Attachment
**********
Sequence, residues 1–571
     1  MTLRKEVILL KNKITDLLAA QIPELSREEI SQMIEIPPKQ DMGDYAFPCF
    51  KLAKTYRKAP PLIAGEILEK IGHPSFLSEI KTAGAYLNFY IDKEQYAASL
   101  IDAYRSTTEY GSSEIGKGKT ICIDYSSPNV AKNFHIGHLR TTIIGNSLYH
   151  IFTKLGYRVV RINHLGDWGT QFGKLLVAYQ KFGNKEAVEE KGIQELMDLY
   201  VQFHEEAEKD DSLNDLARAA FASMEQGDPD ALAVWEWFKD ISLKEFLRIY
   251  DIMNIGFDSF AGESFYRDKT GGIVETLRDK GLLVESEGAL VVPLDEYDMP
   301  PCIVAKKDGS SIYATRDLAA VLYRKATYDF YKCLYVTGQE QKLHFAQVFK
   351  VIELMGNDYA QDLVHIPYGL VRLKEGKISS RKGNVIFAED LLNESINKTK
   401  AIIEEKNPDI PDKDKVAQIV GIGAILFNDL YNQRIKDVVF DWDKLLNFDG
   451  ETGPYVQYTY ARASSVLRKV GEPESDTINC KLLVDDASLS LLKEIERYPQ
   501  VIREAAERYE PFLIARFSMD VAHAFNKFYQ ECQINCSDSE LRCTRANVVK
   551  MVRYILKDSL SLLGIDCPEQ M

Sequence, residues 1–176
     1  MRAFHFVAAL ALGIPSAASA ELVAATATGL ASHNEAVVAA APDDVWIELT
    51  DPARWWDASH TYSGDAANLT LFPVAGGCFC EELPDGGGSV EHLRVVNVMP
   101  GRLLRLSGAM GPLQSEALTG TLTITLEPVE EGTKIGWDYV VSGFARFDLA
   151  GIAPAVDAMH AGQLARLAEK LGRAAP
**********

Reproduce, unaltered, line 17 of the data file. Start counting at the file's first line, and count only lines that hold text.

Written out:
   101  GRLLRLSGAM GPLQSEALTG TLTITLEPVE EGTKIGWDYV VSGFARFDLA